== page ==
Obviously this is not what most evangelism looks like in the American church. It’s almost as if we are doing the opposite most of the time – calling people into our church buildings, programs and crusades while we find it difficult or merely insignificant to be friends with our neighbors and seek the shalom of our communities. Beyond this, if the world is to have witness of our devotion to Jesus then our ability to love one another is the flame of that witness. Yet, if we cannot share our lives except at church events – what kind of witness do we have? I fear we have lost our lampstands in the lack of interlocking lives we lead. Ours must be a communal faith – because it is rooted in GOD’s love – and we cannot love the world if we will not love one another. Love can only flourish in enduring relationships and we are called to be a people who are modeling the reality of GOD’s redemptive love. If we become enamored with building our lampstands but we have no flame of embodied love – then the world stays in darkness. Jesus said:

“A new commandment I give to you, that you love one another, even as I have loved you, that you also love one another. By this all men will know that you are My disciples, if you have love for one another.” (John 13:34-35)

I’ll end with a story from one of my favorite books ‘Grace Works: Letting GOD Rescue You From Empty Religion‘ by teacher and author Dudley Hall. In his book he refutes our desire to live godly lives without loving those around us:

“The Holy Spirit is not so interested in our living up to external standards as he is in our living in right relationship with GOD and with each other. True righteousness will focus us on GOD’s values – and his most valuable treasure is people.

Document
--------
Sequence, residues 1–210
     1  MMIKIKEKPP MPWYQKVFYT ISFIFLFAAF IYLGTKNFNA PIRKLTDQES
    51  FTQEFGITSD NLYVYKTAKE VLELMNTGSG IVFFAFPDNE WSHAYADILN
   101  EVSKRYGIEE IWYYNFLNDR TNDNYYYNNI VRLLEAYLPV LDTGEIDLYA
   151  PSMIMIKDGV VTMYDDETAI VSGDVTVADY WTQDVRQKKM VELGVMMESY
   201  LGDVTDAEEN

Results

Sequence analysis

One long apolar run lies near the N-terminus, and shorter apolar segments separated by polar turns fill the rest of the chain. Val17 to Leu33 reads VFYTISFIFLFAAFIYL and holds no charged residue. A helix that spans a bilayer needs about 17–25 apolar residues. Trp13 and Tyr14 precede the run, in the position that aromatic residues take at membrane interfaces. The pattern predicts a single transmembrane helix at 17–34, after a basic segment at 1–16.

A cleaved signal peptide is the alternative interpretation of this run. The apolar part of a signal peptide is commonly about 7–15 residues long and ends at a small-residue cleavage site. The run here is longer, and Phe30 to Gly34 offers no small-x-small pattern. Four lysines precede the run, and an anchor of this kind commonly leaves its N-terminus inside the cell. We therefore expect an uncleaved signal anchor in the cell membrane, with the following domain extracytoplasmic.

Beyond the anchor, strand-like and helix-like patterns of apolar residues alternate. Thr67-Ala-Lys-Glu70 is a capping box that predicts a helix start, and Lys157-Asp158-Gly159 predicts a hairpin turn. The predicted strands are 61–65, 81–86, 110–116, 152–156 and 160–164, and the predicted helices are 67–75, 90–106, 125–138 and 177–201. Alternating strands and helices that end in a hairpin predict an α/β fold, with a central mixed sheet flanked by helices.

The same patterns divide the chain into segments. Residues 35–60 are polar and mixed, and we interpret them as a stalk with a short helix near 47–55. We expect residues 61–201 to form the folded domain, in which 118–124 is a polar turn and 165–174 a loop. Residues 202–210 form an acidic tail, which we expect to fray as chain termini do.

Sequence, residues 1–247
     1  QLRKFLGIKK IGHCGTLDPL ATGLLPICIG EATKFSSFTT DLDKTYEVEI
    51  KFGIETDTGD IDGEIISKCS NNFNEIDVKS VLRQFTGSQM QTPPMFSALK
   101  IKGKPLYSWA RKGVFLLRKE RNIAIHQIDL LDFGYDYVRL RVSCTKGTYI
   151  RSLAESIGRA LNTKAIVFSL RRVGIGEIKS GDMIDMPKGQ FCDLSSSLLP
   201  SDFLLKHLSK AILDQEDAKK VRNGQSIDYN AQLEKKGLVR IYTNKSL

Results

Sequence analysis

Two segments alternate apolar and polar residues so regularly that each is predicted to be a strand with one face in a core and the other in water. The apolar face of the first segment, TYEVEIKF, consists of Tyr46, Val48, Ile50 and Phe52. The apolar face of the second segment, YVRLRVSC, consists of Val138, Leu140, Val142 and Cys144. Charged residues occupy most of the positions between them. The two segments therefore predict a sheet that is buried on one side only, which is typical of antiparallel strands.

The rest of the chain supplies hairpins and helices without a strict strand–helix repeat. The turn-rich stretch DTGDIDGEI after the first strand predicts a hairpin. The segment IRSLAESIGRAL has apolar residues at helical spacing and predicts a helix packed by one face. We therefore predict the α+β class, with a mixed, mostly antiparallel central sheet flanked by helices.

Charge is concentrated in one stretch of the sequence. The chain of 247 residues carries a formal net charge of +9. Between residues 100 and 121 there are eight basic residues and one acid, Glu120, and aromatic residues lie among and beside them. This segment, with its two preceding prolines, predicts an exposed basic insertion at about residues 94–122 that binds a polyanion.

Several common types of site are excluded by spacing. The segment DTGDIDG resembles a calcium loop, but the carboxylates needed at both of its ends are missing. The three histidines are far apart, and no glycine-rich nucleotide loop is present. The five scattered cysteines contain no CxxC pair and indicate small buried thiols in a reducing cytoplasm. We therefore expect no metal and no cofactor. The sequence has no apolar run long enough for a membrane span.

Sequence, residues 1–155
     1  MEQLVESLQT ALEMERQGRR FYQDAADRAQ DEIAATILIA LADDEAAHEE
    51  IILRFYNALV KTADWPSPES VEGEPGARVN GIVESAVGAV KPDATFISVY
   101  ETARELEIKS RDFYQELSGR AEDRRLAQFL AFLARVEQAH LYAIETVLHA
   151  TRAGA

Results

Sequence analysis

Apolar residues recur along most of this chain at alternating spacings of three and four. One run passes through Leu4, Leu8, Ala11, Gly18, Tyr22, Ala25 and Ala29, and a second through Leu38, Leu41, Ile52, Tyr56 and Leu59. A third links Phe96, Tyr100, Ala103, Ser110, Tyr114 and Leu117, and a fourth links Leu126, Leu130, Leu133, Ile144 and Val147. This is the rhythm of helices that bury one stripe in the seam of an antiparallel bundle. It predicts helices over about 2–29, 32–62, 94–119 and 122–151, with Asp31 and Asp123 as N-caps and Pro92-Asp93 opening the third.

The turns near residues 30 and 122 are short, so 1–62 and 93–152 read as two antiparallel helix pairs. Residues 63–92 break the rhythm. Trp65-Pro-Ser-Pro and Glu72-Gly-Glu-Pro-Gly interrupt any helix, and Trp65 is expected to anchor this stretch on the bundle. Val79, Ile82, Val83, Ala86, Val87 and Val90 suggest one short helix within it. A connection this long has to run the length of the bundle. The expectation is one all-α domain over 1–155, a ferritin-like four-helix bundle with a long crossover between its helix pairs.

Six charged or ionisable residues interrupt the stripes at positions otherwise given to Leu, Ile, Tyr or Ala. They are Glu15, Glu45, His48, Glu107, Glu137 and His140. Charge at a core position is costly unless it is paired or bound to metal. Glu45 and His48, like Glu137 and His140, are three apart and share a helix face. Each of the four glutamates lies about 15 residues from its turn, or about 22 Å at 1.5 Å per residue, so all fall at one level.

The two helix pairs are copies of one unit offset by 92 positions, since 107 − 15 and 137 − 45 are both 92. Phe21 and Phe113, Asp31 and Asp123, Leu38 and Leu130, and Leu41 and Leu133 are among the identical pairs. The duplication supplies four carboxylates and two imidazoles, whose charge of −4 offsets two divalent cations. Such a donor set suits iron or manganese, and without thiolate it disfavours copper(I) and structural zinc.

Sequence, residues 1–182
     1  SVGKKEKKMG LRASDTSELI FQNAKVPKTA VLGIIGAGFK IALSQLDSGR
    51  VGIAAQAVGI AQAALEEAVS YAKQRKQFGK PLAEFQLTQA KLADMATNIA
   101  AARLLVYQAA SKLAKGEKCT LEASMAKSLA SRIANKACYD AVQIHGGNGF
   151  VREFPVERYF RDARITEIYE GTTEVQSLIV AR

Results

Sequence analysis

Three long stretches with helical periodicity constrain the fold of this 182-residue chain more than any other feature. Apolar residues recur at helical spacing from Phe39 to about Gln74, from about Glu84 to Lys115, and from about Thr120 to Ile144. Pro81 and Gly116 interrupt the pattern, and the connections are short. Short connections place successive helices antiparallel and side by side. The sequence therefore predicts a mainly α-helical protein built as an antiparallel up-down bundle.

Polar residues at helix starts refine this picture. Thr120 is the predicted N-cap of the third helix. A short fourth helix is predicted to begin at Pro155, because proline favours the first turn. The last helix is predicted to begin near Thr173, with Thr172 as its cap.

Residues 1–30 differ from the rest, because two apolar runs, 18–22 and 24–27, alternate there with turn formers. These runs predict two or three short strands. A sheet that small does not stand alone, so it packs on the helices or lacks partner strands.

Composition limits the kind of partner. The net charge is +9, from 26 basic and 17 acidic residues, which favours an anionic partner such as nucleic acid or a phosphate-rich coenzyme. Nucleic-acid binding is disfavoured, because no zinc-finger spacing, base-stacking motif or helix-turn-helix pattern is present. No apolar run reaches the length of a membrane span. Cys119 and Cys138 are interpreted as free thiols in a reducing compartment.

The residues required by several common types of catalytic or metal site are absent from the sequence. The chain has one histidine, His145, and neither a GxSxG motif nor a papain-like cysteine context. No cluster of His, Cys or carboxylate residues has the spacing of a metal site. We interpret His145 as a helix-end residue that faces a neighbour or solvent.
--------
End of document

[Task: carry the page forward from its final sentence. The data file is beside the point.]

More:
A year ago a pastor friend of mine spent some time in Guatemala. While he was there, he was discussing with one of the political leaders of that country why the mission work from America was not having much effect on his country.

“Do you know your neighbors?” the Guatemalan politician asked.

My pastor friend responded sadly, “No, not very well.”

“How long have you lived in your present location?” he was asked.

“A couple of years.”

Then the leader said this. “I’ve been in America, and I’ve watched what is going on there for the last twenty years. When you knew your neighbors well enough to ask to borrow a cup of sugar from them, drugs were not a major problem; neither was crime your greatest fear. The Christianity you had then was worth exporting. But today you have lost the value of relationships. That loss has not only destroyed your society; it has diluted your gospel.”  (p.92-93)

I pray for a great revival in the Body of Christ. A revival where what once was a cadaver, a dead shell, will come alive – and the blood and the love will flow again. As we relearn what it means to become rooted in one another’s lives and in the love of GOD which calls us out into our communities – the world will again have a witness.


(video above: Michael Frost: “What is Missional?”)

J. Fowler

J. Fowler is the website editor and co-founder, along with his wife Pamela, of the Sustainable Traditions project. The Fowlers live with their seven children on a farm near the Blue Ridge Mountains of Virginia.